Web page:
The project was expected to be located on a 0.3 acre parcel purchased by the City of Paramount with $500,000 in redevelopment funds. However, with the uncertainty created by the dissolution of redevelopment agencies, the project is on hold; as Wattier says, “It’s not really clear who actually owns the property now.”
Wattier is hopeful that the project will get the green light to go ahead sometime over the next six months. In the broader scheme of things, it offers potential cost savings for Long Beach, but is not critical to meet the needs of its customers.
Longer term, the city’s water department is continuing efforts to modify the court order adjudicating the use of water stored in the Central Basin aquifer. Long Beach and other cities want the court order regulating access to that underground water supply altered to allow for increased storage, although some with rights to the Central Basin are opposed to any such changes.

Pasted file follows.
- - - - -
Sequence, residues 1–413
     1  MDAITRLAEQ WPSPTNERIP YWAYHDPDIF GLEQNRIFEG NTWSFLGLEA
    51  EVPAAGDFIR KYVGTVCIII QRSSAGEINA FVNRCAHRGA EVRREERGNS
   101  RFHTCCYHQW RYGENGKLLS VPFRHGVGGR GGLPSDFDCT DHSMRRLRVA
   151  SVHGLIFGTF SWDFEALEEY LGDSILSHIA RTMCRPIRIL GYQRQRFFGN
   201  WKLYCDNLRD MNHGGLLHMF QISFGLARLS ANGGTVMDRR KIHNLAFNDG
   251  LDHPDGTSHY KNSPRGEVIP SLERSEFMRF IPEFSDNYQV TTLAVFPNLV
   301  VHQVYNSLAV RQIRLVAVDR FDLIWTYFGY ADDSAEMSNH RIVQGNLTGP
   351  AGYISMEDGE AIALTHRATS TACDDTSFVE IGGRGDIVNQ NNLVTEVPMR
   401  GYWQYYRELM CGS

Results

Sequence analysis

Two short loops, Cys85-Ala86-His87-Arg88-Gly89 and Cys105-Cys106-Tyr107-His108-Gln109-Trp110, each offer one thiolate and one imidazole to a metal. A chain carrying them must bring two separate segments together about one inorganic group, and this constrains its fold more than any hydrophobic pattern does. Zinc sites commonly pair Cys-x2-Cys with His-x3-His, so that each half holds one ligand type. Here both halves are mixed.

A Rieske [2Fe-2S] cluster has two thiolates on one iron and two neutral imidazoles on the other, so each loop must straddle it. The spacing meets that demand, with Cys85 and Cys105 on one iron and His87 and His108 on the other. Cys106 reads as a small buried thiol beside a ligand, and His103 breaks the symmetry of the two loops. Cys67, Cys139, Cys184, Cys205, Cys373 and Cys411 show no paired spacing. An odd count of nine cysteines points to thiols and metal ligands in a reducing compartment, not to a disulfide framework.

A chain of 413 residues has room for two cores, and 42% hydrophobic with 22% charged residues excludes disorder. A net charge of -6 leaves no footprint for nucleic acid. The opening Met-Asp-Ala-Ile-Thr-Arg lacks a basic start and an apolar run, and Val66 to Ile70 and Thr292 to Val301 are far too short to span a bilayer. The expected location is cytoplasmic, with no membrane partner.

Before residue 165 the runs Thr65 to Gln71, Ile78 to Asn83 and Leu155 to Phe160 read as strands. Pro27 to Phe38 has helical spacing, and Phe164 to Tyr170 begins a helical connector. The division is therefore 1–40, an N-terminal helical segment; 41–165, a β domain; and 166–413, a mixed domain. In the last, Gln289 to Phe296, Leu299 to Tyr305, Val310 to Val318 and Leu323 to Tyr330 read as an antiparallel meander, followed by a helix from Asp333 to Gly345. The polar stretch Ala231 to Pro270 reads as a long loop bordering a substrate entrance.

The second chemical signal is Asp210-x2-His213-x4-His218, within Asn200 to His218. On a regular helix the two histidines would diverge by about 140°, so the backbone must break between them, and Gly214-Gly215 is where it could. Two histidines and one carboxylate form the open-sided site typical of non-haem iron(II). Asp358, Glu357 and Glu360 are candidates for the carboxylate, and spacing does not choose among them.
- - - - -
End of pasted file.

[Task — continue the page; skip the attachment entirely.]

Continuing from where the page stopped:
On the natural gas front, supplies are expected to remain plentiful, officials with Oxy Long Beach and the Long Beach Gas & Oil Department say. “For the first half of 2012 . . . natural gas prices were disproportionately low at about $2.75 per mcf (1,000 cubic feet),” says Frank Komin, president and general manager of Oxy Long Beach.
And even as prices for natural gas remain low, demand for the fuel continues to lag behind production. The U.S. Energy Information Administration in its June Short-Term Outlook noted that at the end of May, natural gas working inventories totaled “an estimated 2.9 trillion cubic feet, about 31 percent above the same time last year.”